Oil prices fell today amid concerns about a possible second wave of coronavirus cases in countries that have eased lockdowns, which could lead to renewed restrictions while industry data showed that US crude stocks are still rising.
Fears were overshadowed by another call from Saudi Arabia for further production cuts to achieve a balance in the market after the decline in demand caused by the spread of the virus. This after the Organisation of Petroleum Exporting Countries (OPEC) said earlier this week that it intended to institute additional production cuts.
Brent crude fell 74 cents to $28.92 a barrel, its lowest level since May 6, after rising 1.2% on Tuesday. West Texas Intermediate crude futures fell 70 cents to $25.08 a barrel, after rising 6.8% in the previous session.
On the supply side, the government of the Kingdom of Saudi Arabia has urged OPEC+ countries to further reduce oil production to restore balance in global crude markets, the government news agency reported earlier today.
Informed sources told Reuters on Saturday that the Kuwait Petroleum Corporation (KPC) will export less quantities of crude oil in June reducing 5% of the volume of their shipments in line with the so-called operational tolerance clause in their contracts.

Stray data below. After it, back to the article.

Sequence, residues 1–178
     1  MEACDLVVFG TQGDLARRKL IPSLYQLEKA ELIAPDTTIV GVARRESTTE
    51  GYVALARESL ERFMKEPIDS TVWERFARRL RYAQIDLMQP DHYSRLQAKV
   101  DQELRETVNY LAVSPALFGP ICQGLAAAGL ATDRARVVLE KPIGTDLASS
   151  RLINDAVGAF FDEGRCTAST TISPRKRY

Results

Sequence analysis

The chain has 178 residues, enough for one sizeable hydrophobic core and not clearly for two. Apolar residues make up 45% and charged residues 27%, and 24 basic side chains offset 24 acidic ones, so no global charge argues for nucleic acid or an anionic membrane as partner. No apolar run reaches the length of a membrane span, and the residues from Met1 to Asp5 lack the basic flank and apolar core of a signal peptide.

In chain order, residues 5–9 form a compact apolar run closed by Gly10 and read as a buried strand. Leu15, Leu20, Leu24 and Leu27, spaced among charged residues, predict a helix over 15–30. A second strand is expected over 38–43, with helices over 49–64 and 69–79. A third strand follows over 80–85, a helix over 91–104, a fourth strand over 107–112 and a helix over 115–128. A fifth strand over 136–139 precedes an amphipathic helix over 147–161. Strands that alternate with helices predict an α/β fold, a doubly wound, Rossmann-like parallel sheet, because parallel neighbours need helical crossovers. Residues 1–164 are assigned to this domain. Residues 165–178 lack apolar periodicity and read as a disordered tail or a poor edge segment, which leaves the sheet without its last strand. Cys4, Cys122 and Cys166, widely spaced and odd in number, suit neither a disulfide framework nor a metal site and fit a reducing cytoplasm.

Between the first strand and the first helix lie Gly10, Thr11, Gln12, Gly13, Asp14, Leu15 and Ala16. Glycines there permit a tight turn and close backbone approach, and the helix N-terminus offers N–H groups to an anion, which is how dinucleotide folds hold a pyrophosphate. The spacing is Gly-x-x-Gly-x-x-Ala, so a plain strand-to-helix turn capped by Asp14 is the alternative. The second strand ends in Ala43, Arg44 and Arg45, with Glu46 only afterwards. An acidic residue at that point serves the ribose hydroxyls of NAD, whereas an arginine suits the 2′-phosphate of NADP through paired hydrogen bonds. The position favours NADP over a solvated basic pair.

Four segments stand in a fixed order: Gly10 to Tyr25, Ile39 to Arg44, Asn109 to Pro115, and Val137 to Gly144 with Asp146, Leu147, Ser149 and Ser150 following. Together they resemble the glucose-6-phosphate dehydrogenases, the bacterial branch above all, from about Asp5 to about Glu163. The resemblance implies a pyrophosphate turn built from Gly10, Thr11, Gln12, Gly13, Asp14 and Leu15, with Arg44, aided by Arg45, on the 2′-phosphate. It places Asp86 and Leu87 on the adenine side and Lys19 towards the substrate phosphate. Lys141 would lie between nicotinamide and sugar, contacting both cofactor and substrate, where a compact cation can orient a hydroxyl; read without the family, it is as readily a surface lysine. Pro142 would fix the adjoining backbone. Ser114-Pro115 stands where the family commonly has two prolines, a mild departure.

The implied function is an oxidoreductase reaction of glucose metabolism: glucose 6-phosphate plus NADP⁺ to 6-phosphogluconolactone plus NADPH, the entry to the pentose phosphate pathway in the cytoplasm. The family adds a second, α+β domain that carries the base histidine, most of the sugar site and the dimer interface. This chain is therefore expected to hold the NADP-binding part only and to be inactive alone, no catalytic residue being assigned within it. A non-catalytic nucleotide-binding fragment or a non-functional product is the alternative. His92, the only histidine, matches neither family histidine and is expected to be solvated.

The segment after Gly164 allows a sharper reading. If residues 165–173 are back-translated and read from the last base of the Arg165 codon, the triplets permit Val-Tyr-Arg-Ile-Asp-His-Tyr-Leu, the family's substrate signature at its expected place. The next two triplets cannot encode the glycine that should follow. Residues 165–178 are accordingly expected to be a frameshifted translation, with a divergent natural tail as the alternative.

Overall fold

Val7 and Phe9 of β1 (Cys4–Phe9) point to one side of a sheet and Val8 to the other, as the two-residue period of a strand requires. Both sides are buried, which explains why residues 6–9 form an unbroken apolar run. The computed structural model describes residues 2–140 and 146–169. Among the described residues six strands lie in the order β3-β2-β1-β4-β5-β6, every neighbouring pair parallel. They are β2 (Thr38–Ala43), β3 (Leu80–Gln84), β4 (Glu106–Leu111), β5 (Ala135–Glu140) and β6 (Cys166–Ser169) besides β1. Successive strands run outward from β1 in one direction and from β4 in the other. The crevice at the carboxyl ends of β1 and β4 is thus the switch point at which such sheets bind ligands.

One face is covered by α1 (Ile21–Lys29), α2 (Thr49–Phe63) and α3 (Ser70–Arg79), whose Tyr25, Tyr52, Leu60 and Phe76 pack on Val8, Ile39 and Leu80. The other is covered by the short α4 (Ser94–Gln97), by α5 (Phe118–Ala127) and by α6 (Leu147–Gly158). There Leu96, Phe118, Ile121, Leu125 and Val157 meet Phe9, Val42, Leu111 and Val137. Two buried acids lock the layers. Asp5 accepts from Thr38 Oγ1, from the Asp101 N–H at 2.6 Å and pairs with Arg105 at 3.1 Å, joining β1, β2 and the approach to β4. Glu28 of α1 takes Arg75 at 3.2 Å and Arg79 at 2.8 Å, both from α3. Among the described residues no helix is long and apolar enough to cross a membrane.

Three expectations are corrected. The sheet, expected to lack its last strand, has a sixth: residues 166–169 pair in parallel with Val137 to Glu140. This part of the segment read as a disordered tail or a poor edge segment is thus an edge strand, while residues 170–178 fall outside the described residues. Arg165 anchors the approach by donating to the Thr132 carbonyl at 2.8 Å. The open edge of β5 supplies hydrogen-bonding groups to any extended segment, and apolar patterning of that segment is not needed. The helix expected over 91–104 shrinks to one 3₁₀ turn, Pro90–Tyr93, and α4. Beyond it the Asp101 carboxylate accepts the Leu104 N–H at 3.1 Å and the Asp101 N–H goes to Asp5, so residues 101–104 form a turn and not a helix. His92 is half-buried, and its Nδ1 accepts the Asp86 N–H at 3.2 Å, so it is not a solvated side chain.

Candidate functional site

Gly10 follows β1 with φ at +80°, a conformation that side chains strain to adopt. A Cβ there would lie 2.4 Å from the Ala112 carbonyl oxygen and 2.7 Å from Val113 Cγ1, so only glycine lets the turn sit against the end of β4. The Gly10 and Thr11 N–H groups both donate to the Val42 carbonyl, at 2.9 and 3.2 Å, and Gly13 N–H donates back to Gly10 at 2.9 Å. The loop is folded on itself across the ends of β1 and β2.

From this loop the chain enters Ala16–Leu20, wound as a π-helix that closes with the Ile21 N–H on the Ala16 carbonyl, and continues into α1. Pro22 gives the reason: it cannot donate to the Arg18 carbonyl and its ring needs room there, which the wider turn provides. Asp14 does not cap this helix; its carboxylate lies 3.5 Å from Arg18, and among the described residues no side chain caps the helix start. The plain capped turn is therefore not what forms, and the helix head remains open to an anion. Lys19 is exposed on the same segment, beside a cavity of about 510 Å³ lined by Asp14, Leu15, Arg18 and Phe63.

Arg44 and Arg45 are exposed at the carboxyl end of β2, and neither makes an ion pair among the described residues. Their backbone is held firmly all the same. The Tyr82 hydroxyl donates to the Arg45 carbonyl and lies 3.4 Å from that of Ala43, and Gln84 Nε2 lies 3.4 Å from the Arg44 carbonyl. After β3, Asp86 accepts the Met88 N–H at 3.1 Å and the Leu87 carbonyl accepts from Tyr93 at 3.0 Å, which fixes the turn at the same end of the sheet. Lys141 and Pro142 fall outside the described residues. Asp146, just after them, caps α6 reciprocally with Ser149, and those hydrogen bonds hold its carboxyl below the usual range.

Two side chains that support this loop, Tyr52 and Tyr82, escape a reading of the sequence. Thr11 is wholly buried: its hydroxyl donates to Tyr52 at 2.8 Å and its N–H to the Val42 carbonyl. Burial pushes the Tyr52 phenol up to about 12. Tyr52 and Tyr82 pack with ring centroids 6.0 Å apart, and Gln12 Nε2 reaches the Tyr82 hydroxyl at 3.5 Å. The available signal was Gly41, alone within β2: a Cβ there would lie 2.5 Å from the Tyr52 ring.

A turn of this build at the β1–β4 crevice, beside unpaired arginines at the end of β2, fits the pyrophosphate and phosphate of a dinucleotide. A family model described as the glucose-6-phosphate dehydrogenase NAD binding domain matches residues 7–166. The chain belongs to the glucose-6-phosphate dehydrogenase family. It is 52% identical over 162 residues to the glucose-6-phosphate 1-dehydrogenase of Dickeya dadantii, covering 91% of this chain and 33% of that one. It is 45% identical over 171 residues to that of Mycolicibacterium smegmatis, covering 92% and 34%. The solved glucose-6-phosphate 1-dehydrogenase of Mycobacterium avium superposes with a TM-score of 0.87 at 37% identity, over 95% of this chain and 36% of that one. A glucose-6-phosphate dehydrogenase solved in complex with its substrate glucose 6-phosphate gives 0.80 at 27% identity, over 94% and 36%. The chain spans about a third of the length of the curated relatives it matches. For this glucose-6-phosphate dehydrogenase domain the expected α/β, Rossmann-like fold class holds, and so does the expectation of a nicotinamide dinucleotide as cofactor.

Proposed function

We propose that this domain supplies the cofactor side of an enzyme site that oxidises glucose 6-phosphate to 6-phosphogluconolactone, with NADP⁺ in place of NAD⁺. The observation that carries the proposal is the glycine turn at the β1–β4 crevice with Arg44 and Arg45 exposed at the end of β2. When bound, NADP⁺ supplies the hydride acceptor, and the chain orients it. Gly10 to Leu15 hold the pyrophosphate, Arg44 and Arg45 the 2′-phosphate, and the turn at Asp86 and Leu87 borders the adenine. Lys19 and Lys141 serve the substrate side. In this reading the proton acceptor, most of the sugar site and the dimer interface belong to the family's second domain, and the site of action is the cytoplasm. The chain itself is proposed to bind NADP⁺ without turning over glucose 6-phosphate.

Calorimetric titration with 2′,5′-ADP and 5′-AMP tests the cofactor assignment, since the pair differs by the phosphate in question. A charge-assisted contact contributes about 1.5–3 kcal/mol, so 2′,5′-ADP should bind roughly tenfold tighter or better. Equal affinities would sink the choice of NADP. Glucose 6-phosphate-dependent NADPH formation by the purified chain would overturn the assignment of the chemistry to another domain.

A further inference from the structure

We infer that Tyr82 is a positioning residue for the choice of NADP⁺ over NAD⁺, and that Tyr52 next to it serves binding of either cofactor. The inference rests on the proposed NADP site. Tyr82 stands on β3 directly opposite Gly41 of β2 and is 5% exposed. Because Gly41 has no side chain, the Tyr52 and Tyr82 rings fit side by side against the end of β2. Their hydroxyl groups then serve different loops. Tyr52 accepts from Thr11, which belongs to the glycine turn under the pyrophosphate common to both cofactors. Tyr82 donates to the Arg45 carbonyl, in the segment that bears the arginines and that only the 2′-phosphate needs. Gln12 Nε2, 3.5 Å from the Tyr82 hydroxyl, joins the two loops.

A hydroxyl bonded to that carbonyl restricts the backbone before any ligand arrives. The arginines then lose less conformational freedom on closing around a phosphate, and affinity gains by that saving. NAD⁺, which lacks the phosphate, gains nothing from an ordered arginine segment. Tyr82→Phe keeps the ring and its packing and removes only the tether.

Saudi Arabia said on Monday that it will add to the planned reductions by reducing production by an additional one million barrels per day next month, bringing production to 7.5 million barrels per day.
OPEC and other producers such as Russia - a group known as OPEC+ - had agreed to cut production by 9.7 million barrels per day in May and June, a record low, in response to a 30% drop in global fuel demand.
The American Petroleum Institute said on Tuesday that crude oil stocks in the United States rose by 7.6 million barrels last week to 526.2 million barrels, compared to analysts' expectations of an increase of 4.1 million barrels.
Official storage data from the US Energy Information Administration is scheduled for release later today.